The chapter on self-organising provides some great points on how to analyse the transition. My concern is that when proposed to a manager of a traditional organisation, rather than being an action list can quickly become an alibi argument for not even trying out. A strong risk, especially as it is my strong opinion that self-organisation and self-management are distinctive characteristics of the organisations better suited to compete in the info-sphere.
One element that the book highlights well in its introduction, is the fact that new organisational forms need to meet institutional demands. On one side we have governments, who are demanding more transparency and clear identification of responsibilities in corporate decisions. On the other a trend that, by pushing collegial decisions, will often go against that governance principle. It’s an element that needs to be considered, although I would rather see this as a way to include institutions in the development of these new forms of organising, rather than simply painting an external contingency.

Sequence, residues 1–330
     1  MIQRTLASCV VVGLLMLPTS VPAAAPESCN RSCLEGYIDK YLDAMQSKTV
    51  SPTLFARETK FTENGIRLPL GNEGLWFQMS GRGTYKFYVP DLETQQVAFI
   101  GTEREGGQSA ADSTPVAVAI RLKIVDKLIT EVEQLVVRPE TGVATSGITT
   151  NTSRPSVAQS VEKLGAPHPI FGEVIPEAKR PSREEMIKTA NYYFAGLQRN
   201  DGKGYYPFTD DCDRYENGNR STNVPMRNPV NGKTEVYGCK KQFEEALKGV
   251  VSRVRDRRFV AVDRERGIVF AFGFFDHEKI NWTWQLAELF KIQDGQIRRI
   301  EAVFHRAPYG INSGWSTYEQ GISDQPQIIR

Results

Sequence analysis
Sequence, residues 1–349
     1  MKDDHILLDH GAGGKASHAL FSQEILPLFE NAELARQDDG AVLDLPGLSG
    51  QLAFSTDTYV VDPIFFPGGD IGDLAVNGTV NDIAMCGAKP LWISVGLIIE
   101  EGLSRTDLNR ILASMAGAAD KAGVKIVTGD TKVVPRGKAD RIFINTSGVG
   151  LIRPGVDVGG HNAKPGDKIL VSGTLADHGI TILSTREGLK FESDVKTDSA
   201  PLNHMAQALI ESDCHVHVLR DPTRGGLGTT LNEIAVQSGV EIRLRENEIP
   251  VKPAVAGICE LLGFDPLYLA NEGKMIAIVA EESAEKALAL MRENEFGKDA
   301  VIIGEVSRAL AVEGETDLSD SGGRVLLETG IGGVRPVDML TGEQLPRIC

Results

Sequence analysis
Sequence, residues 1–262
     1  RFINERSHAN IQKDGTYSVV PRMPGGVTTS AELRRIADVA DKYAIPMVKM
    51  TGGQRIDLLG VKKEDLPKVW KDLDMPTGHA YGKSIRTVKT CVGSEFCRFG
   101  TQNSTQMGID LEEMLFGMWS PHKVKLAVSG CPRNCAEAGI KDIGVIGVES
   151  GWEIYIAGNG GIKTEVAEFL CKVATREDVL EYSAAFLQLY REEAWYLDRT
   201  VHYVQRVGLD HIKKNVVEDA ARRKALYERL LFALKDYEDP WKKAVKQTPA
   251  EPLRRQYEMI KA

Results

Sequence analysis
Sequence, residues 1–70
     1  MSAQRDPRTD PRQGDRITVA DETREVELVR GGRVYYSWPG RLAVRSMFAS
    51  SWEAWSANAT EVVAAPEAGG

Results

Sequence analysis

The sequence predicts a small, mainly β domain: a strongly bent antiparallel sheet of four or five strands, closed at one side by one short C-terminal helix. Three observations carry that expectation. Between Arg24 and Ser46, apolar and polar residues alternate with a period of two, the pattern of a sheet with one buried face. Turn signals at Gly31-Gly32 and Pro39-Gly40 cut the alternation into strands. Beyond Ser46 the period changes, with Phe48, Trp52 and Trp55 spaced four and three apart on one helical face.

Overall I found this a very good reading, with the caveats that I mentioned above. I agree with the philosophy that each organisation needs to find its own specific model and that many elements of the old traditional organisation can still apply an appropriate context. However, I feel there could have been a bit more courage in admitting that we are still at the very start of the experiments and that many elements need simply to experiment, without limiting creativity with an excessive backwards-looking sense.